The Gimlet is one of the classic cocktails that historically used to be a very simple 50-50 mix. Many will find the 50-50 recipe unbearably sweet by today’s standards, and looking at the official EBS Gimlet recipe, we agree. Gin and Lime Cordial will always be the original ingredients, but it’s more than okay to play with the ratio. Plus, ever since the rise of vodka, bartenders and hobbyists often use vodka instead of gin. But for the last three years, bartenders worldwide are going back to the roots, giving gin its credit once more as a “the real Gimlet ingredient”.

Over time, the recipe has gradually shifted away from the 50% ratio of Cordial, in favour of other ingredients like freshly squeezed lime juice, another type of juices or even water. The European Bartender School teaches classic recipes, but at the same time we have to remember that local recipes and preferences will vary. So a good bartender wouldn’t do his/her job if they weren’t opening up to their customers after all. Therefore, always be prepared to encounter different variations on the Gimlet wherever you work. For instance, there’s another drink called “The Gimblet”, with three parts gin to one part lime juice, shaken together and topped off with soda. Somewhere in between these two recipes you will find your own favourite gimlet – sweet, tart, and refreshing:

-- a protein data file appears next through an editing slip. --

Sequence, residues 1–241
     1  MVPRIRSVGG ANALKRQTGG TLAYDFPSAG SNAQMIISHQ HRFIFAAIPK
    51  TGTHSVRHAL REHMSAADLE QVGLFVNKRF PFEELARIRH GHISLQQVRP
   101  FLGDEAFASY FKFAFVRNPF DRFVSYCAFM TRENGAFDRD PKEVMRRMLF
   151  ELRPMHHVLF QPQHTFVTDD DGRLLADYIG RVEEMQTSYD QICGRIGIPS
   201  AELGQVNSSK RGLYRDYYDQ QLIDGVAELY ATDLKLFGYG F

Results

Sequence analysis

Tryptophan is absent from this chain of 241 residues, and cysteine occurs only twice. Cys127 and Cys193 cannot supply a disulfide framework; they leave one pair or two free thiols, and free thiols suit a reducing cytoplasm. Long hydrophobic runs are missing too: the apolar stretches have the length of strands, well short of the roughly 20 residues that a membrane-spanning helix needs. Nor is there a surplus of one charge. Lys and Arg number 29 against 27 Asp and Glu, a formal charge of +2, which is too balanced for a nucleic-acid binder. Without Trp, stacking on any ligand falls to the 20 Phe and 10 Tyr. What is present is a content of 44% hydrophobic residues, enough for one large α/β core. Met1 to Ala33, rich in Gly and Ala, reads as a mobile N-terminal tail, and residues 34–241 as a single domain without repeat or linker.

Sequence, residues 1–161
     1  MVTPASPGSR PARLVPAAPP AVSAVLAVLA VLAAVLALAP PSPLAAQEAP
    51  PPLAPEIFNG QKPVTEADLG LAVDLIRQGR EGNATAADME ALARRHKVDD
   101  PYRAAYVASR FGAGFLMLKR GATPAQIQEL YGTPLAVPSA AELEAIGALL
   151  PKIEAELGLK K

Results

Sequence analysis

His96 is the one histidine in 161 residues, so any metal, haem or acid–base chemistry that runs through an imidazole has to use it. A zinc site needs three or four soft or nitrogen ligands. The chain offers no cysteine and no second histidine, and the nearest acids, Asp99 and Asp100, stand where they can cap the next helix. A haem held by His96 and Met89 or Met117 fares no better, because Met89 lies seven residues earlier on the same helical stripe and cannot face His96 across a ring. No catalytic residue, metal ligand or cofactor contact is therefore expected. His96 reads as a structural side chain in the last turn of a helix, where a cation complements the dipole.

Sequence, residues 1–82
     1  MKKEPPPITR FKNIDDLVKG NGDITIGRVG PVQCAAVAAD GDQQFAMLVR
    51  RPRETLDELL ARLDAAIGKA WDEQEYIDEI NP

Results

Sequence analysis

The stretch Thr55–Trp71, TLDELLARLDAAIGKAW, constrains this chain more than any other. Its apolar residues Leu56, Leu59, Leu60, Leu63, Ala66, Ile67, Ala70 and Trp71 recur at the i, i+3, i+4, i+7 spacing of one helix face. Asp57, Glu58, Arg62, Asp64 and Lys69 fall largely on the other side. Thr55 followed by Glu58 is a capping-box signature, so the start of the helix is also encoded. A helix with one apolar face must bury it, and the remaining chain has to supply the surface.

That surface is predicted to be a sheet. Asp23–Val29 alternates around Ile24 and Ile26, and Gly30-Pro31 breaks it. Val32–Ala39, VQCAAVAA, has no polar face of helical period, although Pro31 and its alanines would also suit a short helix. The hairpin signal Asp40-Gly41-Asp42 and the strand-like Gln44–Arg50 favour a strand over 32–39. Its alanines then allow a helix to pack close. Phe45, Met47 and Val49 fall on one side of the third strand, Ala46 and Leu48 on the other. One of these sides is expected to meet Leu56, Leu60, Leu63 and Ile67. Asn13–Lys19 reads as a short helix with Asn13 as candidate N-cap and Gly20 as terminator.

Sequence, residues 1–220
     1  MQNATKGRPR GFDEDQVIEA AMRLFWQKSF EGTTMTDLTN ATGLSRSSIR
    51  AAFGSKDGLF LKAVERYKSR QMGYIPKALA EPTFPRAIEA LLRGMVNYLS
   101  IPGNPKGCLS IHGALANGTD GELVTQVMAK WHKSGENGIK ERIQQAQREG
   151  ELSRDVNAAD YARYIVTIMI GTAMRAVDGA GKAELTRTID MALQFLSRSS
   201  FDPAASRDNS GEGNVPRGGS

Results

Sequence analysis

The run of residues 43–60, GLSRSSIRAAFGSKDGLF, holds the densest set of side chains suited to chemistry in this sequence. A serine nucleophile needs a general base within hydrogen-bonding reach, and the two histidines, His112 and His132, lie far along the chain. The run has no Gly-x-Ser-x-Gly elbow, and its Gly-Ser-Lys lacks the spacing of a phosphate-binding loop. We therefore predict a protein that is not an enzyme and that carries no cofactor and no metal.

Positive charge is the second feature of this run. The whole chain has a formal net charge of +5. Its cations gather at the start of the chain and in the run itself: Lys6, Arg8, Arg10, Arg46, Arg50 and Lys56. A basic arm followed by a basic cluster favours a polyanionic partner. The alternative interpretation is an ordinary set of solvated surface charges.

On a more personal level, the Gimlet is one of those sipping drinks that has more of a cooling sensation due to its citric content, making it a great cocktail for the tropics. Living in Thailand myself, I highly recommend ordering one instead of a beer sometime, or better yet – come to EBS Phuket and learn all about this classic drink and others right here, in tropical South-East Asia.


Some history surrounding the gimlet

As an old and original English cocktail, the Gimlet is deeply rooted in its country’s history. First of all, in the Royal British Navy a gimlet was a standard-issued tool to open up barrels of liquor. And that same Royal British Navy was required to provide its sailors a daily ration of limes or lime juice in order to prevent scurvy (vitamin C deficiency was a serious health hazard for sailors). But preserving lime juice without alcohol was impossible back then, resulting in all kinds of other problems on board. A smart man named Lauchlin Rose patented a method to preserve citrus juice without alcohol in 1867, allowing the navy to distribute the daily dose of vitamin C without getting its sailors drunk. The sailors disapproved of course, and gin was brought in to the mix. The rest is history.

As a true classic, there are many variations of the Gimlet, and even in its most basic version (gin and Lime Cordial only), experimenting with the percentages can create a personalised experience which is to your very own taste. Have fun mixing!